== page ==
As lawyers, we have chosen a profession that is high-stress with a small margin for error. And as we face the daily challenges that our chosen professions hands us, big and small, it is almost inevitable that something will go wrong—an oversight, a miscommunication, an error in judgment. The vast majority of the time we, as quick-thinking, competent professionals, fix the problem and move on with our day/week/year. But what about the other times, when the issue can't be resolved and a mistake "blows up." Indeed, the most minor mistakes can be exacerbated by external factors beyond your control and lead to disaster. In these situations, even the most confident among us can be brought to our knees. While true, the phrases "everyone makes mistakes" and "things happen" only go so far.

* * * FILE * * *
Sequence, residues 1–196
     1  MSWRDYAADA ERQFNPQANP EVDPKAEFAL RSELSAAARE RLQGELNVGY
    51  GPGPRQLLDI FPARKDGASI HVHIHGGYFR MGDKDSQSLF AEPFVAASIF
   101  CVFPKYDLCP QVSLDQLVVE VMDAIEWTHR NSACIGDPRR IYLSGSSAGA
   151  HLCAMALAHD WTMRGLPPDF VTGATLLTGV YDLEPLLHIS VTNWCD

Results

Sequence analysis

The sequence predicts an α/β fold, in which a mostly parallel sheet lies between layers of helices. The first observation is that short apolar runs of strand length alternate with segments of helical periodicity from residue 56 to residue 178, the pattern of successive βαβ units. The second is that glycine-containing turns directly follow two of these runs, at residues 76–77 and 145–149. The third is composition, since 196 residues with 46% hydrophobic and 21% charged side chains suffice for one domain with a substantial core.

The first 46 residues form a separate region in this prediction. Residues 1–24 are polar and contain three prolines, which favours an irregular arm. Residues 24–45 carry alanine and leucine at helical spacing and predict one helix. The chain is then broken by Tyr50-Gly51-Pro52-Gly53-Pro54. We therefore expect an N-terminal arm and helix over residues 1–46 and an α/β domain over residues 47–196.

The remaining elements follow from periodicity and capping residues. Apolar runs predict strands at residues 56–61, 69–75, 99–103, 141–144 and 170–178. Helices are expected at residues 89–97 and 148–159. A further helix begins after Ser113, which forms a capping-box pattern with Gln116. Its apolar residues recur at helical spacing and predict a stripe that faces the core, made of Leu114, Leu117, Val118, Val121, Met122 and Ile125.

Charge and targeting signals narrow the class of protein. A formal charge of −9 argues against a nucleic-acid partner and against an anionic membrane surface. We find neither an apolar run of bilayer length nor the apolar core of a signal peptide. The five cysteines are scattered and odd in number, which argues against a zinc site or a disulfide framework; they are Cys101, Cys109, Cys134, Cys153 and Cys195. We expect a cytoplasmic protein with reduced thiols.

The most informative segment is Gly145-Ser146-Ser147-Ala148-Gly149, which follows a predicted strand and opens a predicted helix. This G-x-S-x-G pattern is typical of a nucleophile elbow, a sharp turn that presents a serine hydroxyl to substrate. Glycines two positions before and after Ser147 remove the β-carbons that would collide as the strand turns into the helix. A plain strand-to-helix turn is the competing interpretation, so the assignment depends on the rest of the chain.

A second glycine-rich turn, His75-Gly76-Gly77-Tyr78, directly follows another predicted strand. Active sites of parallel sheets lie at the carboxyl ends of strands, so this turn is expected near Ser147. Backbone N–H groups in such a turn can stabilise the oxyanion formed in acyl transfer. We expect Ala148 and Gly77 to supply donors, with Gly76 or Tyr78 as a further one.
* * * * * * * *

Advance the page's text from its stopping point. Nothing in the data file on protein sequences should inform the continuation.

Thus, when "disaster strikes," how do you keep going and remain confident, or at a minimum, continue to convey confidence? Lisa Iarkowski attempts to answer this question in her article published on glasshammer.com entitled "How to be Confident (even if you are not)."
Ms. Iarkowski begins by stating that "[c]onstant change and complex challenges at work can test the self-confidence of even the most accomplished of us. So how can we keep our confidence going strong, amidst the changes and challenges we're facing?"
To read the entire article on the American Bar Association website, please click here.